After stabilizing in late-June/early July, the US stock market has continued to rebound. The S&P 500 appears on track to post its fifth straight weekly advance, based on trading through yesterday’s close (Aug. 16). Encouraging, although all the risk factors that unleashed a powerful run of selling in the first half of the year are still lurking. That includes high inflation, rising interest rates and elevated geopolitical tension vis-à-vis Russia and China. But for the moment, the trend is friendly, leaving the crowd to decide if this is a bear market rally or the start of a new extended bull run.
In a sign of the times, two of Wall Street’s titans outline opposing views. Morgan Stanley strategists predict that the current rally is only a temporary bounce that will soon give way to bearish forces. JPMorgan disagrees, advising that the rally could run through the end of the year. “Is the rebound getting overdone, and should one go back into value style? Not yet, in our view,” write Mislav Matejka and his team at JPMorgan.
For additional perspective, let’s update our monthly review of a suite of metrics and charts, starting with a weekly view of the S&P 500 Index. The obvious conclusion, there’s a rally unfolding, and it appears to have staying power for the near term, based on the assumption that the upside momentum still looking potent.
Another encouraging sign: the ratio for a pair US equity ETFs that is a proxy for estimating the trend in the market’s risk-on/risk-off sentiment evolution. The recent rebound in this indicator implies a recovery for risk-on, although the bounce is still in its early stages and has a long way to go before repairing the damage unleashed earlier in the year. Let’s see if this recovery in recent weeks can endure. In particular, I’ll be watching to see how this ratio fares after the Labor Day Holiday for assessing if the summer optimism fades along with the embrace of vacations, barbecues and beachwear.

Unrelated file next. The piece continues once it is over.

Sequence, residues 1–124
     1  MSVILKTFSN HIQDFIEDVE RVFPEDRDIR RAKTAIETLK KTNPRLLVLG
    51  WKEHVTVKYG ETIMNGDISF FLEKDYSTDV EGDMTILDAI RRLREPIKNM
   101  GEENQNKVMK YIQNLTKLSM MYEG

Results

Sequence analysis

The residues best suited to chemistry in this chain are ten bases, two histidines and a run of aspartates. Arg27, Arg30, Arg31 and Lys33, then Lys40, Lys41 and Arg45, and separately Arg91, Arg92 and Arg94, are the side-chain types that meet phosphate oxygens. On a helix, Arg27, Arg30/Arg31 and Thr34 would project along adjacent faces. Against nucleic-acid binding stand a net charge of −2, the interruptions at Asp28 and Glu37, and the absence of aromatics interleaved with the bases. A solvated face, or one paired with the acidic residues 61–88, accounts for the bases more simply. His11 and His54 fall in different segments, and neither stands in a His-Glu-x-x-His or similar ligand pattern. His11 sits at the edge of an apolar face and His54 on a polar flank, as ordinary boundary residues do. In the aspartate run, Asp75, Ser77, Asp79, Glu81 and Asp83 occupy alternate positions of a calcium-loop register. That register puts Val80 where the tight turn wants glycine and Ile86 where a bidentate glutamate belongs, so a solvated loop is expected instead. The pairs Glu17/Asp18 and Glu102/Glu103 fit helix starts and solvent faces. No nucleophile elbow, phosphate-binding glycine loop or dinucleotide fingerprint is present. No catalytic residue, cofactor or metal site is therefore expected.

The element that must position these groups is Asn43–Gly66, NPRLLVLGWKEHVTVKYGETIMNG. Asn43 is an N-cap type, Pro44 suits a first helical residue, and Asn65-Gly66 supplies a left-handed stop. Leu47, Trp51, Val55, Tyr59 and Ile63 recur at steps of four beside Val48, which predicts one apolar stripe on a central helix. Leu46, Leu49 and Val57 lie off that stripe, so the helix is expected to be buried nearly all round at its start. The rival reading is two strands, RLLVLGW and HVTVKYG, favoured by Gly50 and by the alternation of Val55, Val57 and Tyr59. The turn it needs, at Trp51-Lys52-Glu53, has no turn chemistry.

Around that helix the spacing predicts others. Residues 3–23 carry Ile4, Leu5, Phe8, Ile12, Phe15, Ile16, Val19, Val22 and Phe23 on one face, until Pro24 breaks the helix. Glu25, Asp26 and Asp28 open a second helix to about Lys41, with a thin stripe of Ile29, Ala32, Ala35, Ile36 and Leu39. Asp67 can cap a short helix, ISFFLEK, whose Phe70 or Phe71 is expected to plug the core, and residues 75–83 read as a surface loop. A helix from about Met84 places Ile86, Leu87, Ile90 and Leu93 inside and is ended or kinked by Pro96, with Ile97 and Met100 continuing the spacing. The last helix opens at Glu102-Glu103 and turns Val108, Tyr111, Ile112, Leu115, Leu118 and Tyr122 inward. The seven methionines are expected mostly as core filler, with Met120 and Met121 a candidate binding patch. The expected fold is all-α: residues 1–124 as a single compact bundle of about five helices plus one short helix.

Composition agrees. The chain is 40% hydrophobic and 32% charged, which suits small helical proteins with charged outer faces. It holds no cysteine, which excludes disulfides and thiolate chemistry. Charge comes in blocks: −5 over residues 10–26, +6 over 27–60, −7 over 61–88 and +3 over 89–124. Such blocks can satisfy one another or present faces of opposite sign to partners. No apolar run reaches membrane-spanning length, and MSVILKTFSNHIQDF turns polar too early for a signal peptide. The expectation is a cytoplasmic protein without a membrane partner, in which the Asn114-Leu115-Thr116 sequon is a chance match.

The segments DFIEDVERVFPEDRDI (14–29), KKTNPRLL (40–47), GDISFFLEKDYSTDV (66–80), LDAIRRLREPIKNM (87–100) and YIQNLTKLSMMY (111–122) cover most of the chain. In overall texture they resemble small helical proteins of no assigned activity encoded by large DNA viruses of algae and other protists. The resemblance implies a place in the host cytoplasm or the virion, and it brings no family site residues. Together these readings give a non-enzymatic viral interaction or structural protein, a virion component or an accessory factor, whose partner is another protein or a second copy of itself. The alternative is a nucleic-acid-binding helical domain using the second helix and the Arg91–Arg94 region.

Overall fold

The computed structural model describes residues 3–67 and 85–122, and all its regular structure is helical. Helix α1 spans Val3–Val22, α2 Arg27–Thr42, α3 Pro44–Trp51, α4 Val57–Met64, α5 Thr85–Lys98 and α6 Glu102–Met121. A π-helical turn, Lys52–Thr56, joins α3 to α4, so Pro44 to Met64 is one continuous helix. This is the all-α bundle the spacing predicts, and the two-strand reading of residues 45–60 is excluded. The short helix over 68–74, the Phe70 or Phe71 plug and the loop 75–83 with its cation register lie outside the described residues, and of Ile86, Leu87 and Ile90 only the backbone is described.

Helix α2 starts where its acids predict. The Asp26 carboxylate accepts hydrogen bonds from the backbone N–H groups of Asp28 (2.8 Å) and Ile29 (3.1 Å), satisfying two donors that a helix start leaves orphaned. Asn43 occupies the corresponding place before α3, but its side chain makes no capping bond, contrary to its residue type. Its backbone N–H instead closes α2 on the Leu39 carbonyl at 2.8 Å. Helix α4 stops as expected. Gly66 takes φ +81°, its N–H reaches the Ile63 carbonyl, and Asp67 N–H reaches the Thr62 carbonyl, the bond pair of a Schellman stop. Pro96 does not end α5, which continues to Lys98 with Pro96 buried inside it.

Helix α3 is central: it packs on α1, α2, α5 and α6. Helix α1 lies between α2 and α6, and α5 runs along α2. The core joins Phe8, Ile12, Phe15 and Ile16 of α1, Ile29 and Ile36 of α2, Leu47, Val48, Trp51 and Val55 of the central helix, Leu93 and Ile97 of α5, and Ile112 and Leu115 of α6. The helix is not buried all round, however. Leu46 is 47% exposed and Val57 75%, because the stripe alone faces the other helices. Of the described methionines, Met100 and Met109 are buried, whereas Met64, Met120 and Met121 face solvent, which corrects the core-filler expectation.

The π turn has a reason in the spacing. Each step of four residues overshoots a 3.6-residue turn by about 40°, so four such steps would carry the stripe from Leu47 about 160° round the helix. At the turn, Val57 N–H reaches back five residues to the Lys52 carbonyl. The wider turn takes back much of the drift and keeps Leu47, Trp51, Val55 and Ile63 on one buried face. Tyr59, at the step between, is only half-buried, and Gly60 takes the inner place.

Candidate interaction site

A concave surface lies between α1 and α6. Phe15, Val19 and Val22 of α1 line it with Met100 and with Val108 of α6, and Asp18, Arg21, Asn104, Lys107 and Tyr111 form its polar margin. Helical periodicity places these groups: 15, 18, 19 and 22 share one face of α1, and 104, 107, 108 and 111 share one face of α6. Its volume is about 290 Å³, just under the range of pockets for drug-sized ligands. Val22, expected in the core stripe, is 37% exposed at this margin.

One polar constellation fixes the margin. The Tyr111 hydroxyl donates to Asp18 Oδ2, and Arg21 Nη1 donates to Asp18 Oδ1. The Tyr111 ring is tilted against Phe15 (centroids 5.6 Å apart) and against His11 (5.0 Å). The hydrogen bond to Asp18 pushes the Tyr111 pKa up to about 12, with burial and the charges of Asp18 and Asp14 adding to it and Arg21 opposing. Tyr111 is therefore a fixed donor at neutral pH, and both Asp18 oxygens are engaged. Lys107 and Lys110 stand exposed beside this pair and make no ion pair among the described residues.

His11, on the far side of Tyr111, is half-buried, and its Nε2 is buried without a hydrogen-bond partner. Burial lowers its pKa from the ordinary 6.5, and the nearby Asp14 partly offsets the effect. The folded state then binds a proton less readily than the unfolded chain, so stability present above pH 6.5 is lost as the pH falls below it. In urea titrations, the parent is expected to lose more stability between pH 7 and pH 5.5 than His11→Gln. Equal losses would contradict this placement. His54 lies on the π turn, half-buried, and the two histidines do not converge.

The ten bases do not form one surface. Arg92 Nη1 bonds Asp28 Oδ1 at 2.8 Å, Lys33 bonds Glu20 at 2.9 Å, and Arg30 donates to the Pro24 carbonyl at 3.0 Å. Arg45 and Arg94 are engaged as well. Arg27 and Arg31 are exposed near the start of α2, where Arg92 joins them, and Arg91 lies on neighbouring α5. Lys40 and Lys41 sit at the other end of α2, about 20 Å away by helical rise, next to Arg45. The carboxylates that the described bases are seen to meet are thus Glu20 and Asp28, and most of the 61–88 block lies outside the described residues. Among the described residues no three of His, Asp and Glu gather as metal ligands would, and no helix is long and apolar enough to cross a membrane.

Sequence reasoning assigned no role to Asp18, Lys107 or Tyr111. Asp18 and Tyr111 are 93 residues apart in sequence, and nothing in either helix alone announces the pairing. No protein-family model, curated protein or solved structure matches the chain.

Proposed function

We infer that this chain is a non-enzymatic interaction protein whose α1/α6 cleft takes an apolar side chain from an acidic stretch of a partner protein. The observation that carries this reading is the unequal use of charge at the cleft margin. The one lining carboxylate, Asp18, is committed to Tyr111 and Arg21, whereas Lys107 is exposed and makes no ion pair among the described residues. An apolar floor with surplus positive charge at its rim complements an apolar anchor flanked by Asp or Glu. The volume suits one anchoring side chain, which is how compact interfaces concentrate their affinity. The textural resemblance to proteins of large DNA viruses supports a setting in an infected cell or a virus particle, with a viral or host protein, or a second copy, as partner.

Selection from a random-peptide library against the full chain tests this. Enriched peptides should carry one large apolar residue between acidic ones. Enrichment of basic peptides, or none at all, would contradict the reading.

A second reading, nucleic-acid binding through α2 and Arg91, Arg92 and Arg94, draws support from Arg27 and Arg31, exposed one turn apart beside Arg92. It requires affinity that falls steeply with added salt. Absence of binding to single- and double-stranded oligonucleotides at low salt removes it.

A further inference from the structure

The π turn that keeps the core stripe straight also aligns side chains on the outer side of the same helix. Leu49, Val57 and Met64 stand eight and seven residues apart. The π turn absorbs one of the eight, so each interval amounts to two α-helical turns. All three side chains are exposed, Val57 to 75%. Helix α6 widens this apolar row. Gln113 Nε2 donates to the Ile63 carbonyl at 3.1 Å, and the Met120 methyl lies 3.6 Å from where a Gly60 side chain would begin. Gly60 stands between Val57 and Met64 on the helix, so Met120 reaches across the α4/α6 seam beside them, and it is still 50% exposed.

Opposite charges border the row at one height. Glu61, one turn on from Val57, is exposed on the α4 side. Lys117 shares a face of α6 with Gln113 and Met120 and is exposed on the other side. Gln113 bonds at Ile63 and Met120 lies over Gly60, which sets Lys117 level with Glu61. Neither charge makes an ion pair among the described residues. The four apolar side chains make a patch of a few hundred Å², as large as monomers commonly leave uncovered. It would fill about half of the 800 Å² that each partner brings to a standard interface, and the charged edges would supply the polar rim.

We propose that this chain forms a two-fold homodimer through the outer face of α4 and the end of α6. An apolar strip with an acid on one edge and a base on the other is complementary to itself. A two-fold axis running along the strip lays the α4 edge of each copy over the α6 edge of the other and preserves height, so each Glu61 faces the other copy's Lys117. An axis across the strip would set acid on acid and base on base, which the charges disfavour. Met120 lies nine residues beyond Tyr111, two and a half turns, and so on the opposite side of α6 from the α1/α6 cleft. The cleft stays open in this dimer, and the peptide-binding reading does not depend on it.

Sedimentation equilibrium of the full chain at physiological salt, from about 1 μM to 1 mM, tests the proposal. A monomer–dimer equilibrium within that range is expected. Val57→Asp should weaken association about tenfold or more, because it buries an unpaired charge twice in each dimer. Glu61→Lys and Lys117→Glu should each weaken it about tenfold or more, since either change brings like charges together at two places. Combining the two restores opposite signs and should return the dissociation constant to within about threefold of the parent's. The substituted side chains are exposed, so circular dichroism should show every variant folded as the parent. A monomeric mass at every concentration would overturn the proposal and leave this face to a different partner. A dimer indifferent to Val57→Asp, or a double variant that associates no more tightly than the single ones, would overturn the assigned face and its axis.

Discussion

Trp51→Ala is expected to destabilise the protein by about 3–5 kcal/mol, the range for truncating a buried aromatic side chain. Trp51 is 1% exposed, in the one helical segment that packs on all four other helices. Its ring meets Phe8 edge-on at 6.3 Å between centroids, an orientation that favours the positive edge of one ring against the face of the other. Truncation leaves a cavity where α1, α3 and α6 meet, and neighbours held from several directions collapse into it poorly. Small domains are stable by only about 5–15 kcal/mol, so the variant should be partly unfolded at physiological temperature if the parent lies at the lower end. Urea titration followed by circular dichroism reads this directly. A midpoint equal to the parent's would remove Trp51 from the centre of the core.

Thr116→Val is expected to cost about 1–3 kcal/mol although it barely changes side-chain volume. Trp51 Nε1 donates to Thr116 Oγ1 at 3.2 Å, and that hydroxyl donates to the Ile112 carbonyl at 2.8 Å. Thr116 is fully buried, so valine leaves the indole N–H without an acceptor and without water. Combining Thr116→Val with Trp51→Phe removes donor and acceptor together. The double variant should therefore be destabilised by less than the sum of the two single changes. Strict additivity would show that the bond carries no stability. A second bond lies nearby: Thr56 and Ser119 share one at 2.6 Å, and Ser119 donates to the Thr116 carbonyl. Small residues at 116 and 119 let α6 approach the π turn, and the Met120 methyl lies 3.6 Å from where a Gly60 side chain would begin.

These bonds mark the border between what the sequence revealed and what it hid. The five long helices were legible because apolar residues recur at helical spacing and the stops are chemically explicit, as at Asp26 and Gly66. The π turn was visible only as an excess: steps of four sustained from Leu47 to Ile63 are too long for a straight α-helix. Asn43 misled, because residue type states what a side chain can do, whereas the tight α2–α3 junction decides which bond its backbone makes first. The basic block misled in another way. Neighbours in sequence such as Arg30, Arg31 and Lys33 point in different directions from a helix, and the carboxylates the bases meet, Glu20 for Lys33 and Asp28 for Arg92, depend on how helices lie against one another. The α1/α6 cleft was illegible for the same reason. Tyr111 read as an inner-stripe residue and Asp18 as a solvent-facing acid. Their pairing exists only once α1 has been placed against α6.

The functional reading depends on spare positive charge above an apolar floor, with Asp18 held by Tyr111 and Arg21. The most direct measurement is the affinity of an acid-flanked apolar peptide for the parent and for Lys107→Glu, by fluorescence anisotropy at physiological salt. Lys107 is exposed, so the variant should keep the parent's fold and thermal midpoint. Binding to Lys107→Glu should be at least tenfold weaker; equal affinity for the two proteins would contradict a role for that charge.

Next up is a metric that provides context for assessing market volatility via CapitalSpectator.com’s S&P 500 Sentiment Momentum Index (for details, see this summary). Last month’s update reported that the market’s correction to date was the steepest since the spring of 2020, which suggested that “odds look reasonable to play a near-term bounce in the market.” A month later, the market is moderately higher, although the overall bias is still net negative, based on this indicator (i.e., below zero). Without a sustainable bull run, the case for another leg up looks less compelling relative to this point in the previous update.
A similar profile is found in the S&P 500’s drawdown, which has recovered from a relatively steep -20%-plus a month ago to a garden-variety -10%.
A darker view continues to resonate via the Hidden Markov model (HMM), which still indicates that the S&P 500 has entered bear-market terrain. This indicator first hinted at a bear-market signal by rising above the 50% probability mark in early May. The latest reading is 99.7% (Aug. 16), just fractionally below last month’s update. (For some background on how the analytics are calculated in the chart below, see this primer.)
Meanwhile, bubble risk for the S&P 500 has receded modestly after the recent spike. (See this 2014 post for some background on the methodology).
Finally, market valuation remains elevated, based on the Professor Robert Shiller’s Cyclically Adjusted PE Ratio (CAPE Ratio), a.k.a Shiller PE Ratio. The market’s tumble in the first half of the year cut the ratio moderately, but the recent bounce in the S&P 500 lifted this valuation metric, indicating that market valuation remains close to the previous peak.
Editor’s Note: The summary bullets for this article were chosen by Seeking Alpha editors.